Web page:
The feud Between Biggie Smalls and 2Pac was destructive. It raged on for many years and ultimately culminated in their murders. However, before the attempted murder of 2Pac in 1994, the two artists were friends. However, few know they were so close that 2Pac (real name Tupac Shakur) wanted Biggie Smalls to join his crew, Thug Life.
In an interview for the Art of Dialogue podcast, Shakur’s close friend and former Thug Life member, Macadoshis, explained how the two legendary artists wanted to join forces.
Recalling the first time the crew met Biggie Smalls (real name Christopher Wallace), Macadoshis revealed, “We went tour, and we was doing the Thug Life tour. We started out at Jack the Rapper, and ‘Pac actually brought Big up to the room. We was staying at the Marriott Marquis, and Biggie came up to the room, and he was hella cool, bro.”
He continued, “I remember him being like, real down to Earth. He kicked it with everybody, smoked a blunt with him, and we was just chilling with him.” Macadoshis highlighted how, during this period, the crew were working on their 1994 album Thug Life: Volume 1. Prior to Shakur’s Manhattan shooting, the collective consisted of 2Pac, Big Syke, Mopreme, Stretch, Macadoshis, and The Rated R.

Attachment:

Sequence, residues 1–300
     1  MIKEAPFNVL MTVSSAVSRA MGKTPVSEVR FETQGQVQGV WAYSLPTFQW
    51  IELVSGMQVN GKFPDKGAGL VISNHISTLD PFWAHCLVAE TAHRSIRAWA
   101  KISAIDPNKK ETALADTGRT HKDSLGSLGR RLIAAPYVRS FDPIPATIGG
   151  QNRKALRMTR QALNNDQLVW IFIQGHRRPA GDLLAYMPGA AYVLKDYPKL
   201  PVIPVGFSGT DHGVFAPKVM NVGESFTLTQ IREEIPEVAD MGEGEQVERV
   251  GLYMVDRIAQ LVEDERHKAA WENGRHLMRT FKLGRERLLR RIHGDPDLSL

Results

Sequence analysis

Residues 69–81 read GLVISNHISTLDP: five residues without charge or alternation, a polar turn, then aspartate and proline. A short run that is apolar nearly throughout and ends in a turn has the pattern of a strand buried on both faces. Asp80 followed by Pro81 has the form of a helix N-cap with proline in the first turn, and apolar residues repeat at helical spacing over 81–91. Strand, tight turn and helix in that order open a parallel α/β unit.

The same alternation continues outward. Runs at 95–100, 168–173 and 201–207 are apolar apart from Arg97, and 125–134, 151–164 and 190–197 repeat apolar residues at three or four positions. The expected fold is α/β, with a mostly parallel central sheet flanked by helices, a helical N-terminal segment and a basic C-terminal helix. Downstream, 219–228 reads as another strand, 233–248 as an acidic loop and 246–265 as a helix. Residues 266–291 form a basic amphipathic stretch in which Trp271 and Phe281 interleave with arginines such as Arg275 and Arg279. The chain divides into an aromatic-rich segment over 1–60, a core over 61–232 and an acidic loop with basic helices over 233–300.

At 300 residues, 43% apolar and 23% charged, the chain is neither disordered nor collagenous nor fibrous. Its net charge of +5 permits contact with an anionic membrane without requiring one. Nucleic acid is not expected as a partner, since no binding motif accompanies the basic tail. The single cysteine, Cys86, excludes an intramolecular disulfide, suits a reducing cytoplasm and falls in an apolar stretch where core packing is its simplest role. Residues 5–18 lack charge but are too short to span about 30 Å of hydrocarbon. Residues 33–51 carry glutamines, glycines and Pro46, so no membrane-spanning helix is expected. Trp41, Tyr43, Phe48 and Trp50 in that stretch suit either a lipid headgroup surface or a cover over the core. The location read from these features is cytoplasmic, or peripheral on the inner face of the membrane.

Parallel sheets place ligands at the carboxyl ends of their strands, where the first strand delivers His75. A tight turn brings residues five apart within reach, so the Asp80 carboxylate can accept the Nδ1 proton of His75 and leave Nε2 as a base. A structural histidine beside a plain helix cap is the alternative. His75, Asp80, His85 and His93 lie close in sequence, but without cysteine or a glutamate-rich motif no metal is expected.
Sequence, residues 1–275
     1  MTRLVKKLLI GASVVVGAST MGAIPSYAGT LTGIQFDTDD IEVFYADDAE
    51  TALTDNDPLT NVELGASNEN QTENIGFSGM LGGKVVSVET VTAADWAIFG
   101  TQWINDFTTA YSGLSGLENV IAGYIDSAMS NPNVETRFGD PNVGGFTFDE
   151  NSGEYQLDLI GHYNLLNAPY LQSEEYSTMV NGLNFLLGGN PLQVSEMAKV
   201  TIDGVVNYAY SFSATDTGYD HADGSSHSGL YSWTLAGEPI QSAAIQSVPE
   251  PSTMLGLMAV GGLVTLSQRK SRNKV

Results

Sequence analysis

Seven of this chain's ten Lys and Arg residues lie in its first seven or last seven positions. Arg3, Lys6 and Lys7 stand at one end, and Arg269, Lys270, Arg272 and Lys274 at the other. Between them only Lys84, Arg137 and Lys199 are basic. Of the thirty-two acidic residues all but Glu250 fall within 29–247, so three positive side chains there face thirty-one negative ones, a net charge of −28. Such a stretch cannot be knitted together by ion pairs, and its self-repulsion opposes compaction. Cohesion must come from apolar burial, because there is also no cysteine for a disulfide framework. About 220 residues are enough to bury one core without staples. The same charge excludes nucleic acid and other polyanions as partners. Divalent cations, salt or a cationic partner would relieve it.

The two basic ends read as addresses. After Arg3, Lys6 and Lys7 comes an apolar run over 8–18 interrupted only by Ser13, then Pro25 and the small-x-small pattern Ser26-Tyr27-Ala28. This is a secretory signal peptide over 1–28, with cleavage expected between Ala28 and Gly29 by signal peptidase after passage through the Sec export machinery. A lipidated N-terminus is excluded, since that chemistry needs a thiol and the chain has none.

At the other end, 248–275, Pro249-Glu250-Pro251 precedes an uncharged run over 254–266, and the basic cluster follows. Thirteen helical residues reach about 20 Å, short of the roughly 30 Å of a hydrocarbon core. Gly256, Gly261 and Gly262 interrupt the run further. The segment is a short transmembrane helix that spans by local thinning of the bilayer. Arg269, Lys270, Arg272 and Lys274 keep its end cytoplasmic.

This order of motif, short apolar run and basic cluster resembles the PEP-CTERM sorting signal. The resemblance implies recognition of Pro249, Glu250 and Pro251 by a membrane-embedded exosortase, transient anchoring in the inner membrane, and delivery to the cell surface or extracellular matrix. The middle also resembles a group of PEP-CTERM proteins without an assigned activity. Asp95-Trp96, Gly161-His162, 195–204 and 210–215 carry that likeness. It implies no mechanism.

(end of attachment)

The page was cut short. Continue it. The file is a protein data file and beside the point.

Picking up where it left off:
In 1994, Wallace was finishing up Ready To Die. Elaborating on this, Macadoshis explained, “We was moving forward with the Thug Life album at the same time Big was with Puff. So, it was not a conflict of interest, but I don’t feel like Puff was tryna let Biggie really come over there and do no Thug Life shit at the time while he was working with him.”
According to Macadoshis (real name Dirion Rivers), Diddy was the reason Wallace never became part of Thug Life, divulging, “He wanted to be the first to break him and bring him out. He only had ‘Party and Bullshit’ out during that time. So I think that’s what really kinda held it up.”
If Diddy had not held Biggie back, he might have joined Thug Life and been part of a dynamic duo alongside 2Pac. However, it most definitely did not work out that way in the end. You can watch Rivers’ art Of Dialogue interview below.